Some might wonder why he, as an author stands out, especially to people from Dehradun. Why we spent more than seven hours in Mussoorie, planned the whole visit like a battle just for a five-minute book signing with him. It might be because he is one of ours, a local boy who left and yet, came back as he couldn’t survive without the mountains. He, like us, felt that the hills were his home, how much ever progress might degrade them, the hills still had our beating hearts. His books and stories evoke a time gone by when Dehra was still green and unpolluted when life was simple enough that you could just sit and watch the nature blooming around you. There is a quiet symbiosis of man and nature in his books.

And I think that’s the reason why we were so excited to see him, he is familiar to us, through his books he brings back the Dehra we had all once loved!

Rain in the hills

It is raining cats and dogs(as the popular saying goes)in Dehradun since afternoon. As I am writing this sentence there is a loud, long grumble of thunder from the clouds and rain is drumming down on the roof making my mother increase the volume of her Television as her favorite serial comes on. The boys have missed their daily game of cricket, making them cranky. I, on the other hand, have been in a pensive mood.

(picture from unsplash.com Abhidev Vaishnav)

The sounds of thunder and the rain pattering down, the whole atmosphere is making me nostalgic for my grandparents home where I grew up. I miss my bed next to the window, where I would sit with my back resting on the wall  ( it used to be heaven in winters, snuggled in the razai). The sound of the dripping raindrops from the leaves of the frangipani tree of our neighbor. I miss the dampness of my grandmother’s room, the green of the moss growing on the mango and litchi tree.  Hating to walk under the same trees as the raindrops from the leaves would splash on you invariably getting in the collar of the school uniform making it highly uncomfortable. Finding mushrooms sprouting on the trunks and branches of the litchi tree and marveling on their toadstool shapes. Cleaning the water off from the cement seat on the roof, so that I could study outdoors and also look at the sunset.  All the creepy crawlies would come wriggling out making us avoid the kitchen garden patch, remembering to close the screen door else the rain insects would come in drawn by the light, making us swat them with rolled up newspapers. Lying awake after the lights were switched off, hearing the crickets and the jhingoors, trying to watch the jugnus flit by in the dark garden. If perchance there was a thunderstorm in the night, I would spend half the night awake, watching the zig zagging shapes of the lightning fascinated by it, a fascination that I still have. Not understanding at the time how powerful God is, to create something so beautiful and yet so awe inspiring. The alacrity of the electricity department of Dehradun in switching off the power at a single rumble from the clouds. The days when we reached sopping wet to school despite the raincoats, a hazard of going to school on the bicycle, packing our school bag with an extra layer of plastic to protect the precious books. The countless days when it used to alternately drizzle, rain and pour intermittently till you would long for the sun to come out. The brilliant blue of the sky contrasting with the white fluffiness of the clouds when the sun would finally shine; the mountains a dark, sharply etched silhouette against the horizon, the trees, a luxuriant green.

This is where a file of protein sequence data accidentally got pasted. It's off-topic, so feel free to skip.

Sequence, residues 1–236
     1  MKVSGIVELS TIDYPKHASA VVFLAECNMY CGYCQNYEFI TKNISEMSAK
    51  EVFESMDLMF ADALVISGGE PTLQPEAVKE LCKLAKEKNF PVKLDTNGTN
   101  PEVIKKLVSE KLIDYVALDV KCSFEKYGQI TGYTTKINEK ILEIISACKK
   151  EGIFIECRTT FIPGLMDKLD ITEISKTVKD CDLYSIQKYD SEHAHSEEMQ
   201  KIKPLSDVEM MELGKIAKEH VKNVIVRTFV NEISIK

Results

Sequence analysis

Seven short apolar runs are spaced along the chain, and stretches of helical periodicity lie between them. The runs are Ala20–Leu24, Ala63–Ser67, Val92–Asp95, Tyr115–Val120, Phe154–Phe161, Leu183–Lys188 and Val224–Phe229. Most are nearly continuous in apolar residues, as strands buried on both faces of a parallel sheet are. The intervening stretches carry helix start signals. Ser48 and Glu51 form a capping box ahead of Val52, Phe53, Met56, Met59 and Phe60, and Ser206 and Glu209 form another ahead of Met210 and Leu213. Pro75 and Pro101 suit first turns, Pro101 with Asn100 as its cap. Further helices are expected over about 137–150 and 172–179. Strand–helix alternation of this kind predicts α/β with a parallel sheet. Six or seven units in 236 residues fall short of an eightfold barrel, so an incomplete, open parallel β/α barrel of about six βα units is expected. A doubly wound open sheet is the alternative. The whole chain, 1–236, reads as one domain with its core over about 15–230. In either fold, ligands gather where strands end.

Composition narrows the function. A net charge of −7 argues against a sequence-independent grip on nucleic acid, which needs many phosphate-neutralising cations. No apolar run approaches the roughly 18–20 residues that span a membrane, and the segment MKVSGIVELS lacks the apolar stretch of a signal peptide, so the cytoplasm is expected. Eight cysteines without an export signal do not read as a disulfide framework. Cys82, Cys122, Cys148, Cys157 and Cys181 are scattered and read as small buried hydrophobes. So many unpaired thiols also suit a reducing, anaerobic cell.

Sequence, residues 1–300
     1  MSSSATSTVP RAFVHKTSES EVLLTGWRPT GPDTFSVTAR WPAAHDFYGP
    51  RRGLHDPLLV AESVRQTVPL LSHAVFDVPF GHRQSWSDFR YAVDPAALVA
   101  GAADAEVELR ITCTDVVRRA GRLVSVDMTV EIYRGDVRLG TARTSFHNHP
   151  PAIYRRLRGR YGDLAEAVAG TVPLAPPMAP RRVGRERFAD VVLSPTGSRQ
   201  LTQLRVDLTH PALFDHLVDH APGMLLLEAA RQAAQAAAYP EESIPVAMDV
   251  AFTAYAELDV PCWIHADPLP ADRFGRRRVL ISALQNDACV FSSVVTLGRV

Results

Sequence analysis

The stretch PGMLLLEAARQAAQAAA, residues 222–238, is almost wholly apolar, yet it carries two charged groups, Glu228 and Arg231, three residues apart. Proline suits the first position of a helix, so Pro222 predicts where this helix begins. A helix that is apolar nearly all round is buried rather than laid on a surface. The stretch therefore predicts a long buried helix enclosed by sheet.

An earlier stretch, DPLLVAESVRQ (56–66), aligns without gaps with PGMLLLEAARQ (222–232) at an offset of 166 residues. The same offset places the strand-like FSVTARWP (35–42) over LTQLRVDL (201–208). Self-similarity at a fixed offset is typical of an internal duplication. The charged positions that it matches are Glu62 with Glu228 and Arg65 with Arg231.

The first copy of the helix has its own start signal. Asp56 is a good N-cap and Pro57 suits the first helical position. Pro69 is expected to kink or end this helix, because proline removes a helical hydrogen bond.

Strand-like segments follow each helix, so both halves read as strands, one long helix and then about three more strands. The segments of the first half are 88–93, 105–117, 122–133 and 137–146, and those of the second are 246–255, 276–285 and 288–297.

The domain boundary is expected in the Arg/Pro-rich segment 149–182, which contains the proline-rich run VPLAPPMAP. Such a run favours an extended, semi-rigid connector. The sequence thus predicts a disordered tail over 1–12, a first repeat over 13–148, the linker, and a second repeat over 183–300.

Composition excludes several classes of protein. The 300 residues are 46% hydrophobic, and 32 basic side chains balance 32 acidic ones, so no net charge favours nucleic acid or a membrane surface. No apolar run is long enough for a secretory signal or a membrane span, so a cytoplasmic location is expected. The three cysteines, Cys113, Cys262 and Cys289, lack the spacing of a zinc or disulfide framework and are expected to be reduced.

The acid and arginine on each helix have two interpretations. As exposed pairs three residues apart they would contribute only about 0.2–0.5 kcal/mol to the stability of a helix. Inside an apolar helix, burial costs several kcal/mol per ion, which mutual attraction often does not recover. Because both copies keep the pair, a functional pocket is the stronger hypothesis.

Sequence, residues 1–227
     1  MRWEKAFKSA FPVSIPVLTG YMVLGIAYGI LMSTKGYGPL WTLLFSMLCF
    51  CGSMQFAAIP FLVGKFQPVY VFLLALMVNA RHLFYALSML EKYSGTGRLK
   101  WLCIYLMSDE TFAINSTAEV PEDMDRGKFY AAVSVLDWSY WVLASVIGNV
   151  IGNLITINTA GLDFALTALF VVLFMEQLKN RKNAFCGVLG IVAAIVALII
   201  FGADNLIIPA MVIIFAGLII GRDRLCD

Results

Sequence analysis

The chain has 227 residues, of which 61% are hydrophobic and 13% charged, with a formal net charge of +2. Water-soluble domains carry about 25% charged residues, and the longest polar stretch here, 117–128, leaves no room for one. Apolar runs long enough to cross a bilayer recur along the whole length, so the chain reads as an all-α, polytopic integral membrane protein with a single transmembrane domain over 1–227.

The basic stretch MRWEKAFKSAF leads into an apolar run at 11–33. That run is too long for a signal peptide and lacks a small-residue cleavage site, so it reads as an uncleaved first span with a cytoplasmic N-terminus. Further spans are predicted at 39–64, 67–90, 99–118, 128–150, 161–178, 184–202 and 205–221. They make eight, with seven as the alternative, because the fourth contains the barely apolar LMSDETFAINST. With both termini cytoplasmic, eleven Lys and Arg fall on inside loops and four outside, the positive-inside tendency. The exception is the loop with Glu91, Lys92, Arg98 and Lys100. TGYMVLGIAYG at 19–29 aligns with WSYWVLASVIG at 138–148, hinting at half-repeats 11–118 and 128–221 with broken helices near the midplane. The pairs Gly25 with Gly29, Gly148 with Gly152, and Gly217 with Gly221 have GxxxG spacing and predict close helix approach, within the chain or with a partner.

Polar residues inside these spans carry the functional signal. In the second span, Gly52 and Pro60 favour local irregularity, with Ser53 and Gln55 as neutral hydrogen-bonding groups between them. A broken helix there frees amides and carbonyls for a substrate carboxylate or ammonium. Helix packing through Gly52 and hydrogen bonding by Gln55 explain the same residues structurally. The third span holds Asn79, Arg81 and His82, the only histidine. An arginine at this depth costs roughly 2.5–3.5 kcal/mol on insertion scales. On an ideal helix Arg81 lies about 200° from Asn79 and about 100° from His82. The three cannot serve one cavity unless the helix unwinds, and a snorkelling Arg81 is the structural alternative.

People ask me why I come to India during the rains, I reply that I come because of the rains.While most of us agree that Dehradun is no longer the sleepy town of the nineties, one thing which is still familiar is the rain. Monsoon was and still is a magical time in Dehradun. The world turns green with new growth and moss (most tenacious here, found all over, including the outer walls of the houses). It is damp, it is musty but it is very very familiar. As familiar as the fragrance of adraki chai and crispness of pakoras. It makes me long to be that young girl again, with the bed by the window, whose only worry was to reach school with dry shoes and dry books.